Origin- Omnipresent

By Chris Dahlberg

Published on Tuesday, July 29, 2014

Like most metal bands that have been around since the late 90s, Origin has gone through a fair deal of changes. Not only has the technical death metal group been through lineup changes (especially when it comes to the vocal position), but they have moved from the sheer speed and technical onslaught of their first few releases to a combination of technicality and traditional/brutal death metal. While I certainly have an appreciation for the sheer amount of ability and over the top compositions that made up their earlier albums, I found that Antithesis and Entity had a nice balance between crazy technicality and memorable riffs. Three years later, Origin is back with Omnipresent which is their first with ex-Skinless singer Jason Keyser. Keyser was technically in the band when Entity came out but was unavailable for recording, so this is the first studio effort he appears on. The band has gone through another stylistic shift, as there are more brutal death metal sections than before and overall Omnipresent isn’t quite as in your face about its technical riffs when compared to before. It’s a decent death metal release, but as an Origin album there’s something missing and it feels like these guys have lost a little bit of their identity in their attempt to branch out.

Omnipresent does start off in a fairly familiar fashion, as the opening track “All Things Dead” has the speed and technical, constantly changing riffs that one would expect from Origin. But as you progress through the album, it becomes clear that this is going to be a slightly different experience from the band’s previous releases. Compared to what they’ve done before this material isn’t always as in your face with its technicality. That’s not to say there aren’t crazy moments that don’t match up, but they aren’t the focus on every single song. The instrumental work had transitioned into some traditional death metal styles and brutal death metal’s slower, groove heavy breaks as of the last two records, but I felt like Omnipresent had more of an emphasis on this than ever before. It’s not a bad idea, as it does make the band a bit more accessible to those that may have found the constant technical flourishes a bit too impenetrable. But the problem is that when Origin does slow things down and heads into this territory, they start to lose their identity and the riffs aren’t quite distinguishable enough to differentiate them from so many of the other death metal bands doing the same thing. As a result, you have a slew of technical riffs that grab your attention and then slower ones that blur together. It’s not necessarily bad, as this is still an album I’ve enjoyed spending time with as a whole body of work. But there aren’t the same type of individual moments that stood out like there were on the group’s previous records, which makes it have less of an overall impact.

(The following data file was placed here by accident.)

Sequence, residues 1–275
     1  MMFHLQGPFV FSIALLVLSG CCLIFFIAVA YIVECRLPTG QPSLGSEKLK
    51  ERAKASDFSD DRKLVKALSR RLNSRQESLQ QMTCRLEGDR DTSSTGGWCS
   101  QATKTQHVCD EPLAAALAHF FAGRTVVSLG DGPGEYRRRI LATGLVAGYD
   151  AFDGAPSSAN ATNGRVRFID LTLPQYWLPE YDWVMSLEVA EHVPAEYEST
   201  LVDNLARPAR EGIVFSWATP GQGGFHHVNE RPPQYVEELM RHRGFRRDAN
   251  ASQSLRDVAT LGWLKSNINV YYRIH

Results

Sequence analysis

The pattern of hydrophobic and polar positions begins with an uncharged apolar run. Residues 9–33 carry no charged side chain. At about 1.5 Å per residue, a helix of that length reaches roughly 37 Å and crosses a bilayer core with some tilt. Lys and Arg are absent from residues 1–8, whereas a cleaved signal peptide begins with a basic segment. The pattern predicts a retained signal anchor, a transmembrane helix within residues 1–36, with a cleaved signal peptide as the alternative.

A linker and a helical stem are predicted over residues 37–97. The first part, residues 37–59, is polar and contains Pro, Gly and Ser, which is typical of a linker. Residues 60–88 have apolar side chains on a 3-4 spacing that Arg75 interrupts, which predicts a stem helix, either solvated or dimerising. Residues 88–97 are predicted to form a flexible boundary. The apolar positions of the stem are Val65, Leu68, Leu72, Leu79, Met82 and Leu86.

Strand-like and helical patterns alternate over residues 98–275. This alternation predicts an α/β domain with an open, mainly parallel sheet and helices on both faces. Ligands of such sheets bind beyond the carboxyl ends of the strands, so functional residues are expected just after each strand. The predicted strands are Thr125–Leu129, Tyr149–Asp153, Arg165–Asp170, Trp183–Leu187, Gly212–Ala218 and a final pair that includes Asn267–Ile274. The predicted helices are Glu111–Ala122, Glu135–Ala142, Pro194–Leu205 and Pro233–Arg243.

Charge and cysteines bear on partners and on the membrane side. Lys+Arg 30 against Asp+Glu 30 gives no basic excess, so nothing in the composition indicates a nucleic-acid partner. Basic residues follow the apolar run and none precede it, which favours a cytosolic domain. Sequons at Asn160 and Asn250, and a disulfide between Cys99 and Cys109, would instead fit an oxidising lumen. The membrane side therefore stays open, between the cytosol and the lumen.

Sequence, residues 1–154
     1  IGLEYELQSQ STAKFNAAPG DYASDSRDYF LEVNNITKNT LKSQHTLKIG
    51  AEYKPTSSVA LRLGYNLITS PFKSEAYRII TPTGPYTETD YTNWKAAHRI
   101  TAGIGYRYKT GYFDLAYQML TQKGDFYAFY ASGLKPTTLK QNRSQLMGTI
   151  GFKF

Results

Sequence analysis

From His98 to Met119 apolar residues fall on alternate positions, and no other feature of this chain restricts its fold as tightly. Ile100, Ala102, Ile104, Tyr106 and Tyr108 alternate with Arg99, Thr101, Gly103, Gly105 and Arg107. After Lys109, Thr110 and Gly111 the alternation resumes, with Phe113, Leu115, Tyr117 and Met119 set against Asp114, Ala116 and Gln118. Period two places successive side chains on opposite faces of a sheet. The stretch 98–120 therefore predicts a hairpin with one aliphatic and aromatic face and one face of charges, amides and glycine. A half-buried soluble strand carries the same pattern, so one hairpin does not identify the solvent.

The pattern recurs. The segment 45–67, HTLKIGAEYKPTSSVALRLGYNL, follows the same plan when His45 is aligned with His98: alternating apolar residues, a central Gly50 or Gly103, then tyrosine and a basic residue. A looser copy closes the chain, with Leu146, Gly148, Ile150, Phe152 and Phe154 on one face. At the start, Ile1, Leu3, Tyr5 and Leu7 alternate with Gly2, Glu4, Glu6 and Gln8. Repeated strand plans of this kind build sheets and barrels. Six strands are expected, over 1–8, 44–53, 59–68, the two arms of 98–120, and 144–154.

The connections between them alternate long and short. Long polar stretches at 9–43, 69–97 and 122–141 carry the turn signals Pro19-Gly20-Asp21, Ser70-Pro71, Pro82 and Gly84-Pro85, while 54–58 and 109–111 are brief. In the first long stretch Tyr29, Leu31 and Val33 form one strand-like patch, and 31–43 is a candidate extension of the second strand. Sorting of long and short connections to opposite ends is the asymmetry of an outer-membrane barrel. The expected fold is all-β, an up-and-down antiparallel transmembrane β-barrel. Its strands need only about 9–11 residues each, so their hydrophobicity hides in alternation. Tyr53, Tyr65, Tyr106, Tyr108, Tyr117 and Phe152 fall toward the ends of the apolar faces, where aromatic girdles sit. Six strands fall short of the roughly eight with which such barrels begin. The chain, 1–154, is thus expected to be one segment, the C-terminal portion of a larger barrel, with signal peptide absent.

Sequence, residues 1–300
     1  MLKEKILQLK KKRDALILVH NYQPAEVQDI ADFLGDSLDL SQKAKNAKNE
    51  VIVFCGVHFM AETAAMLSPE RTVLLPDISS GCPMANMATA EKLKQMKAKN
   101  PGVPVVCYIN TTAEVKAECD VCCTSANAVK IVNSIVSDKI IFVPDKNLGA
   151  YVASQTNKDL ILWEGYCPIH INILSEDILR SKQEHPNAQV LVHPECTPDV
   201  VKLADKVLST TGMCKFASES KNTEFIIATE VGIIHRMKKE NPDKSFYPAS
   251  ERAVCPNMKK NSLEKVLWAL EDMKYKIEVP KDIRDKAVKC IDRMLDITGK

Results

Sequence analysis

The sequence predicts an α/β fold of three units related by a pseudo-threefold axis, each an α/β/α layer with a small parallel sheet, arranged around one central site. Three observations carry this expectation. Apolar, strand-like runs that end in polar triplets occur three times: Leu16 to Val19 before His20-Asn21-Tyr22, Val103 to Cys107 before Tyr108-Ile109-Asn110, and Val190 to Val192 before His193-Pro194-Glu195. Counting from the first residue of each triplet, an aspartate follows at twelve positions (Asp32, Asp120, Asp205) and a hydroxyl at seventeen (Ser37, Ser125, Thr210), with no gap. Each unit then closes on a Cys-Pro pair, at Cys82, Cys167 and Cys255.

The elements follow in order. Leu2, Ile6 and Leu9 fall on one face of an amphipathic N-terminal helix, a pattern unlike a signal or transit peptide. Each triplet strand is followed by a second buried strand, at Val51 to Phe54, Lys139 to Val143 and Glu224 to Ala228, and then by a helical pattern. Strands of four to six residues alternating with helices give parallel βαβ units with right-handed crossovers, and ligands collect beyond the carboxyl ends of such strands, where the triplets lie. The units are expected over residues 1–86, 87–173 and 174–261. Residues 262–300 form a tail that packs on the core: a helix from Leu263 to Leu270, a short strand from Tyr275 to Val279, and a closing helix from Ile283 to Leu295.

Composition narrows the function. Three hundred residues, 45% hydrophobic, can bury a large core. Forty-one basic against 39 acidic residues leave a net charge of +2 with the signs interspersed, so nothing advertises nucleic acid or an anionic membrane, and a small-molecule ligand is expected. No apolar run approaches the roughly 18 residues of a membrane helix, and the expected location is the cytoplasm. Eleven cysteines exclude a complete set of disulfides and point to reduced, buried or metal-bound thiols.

Jason Keyser’s debut recorded performance with Origin is an impressive one, and he helps to fill out the low end considerably. Mike Flores and Paul Ryan split vocal duties on Entity, and they now contribute backing vocals in between Keyser’s lower growls to add a considerable amount of diversity. The instrumental work may have been a bit hit or miss in my opinion, but this was an area where I thought the group had taken a considerable step forward. They’re able to switch things up so frequently that it works to their advantage, and with three members contributing vocals Origin has the low and high ranges completely covered. With that being said, that doesn’t mean that Keyser is overshadowed though as he delivers truly intense growls that are on par with what he did in Skinless.

I still like what Origin has put together on this release, as there are some moments that were able to wow me as I made my way through. But there wasn’t quite as much happening on Omnipresent that stuck with me, and even after listening to it every day for the past week and a half the guitar work isn’t in my head nearly as much as it was with Antithesis or Entity. I can appreciate the group’s attempt to change things up a bit and explore the brutal death metal side, but they could still add a bit more of their own spin to it. As it stands, this still isn’t a bad death metal album by any means and I’m sure there will be plenty of listeners who will appreciate it, but taken within Origin’s discography I think they have done better and are still in a bit of a transition stage right now.


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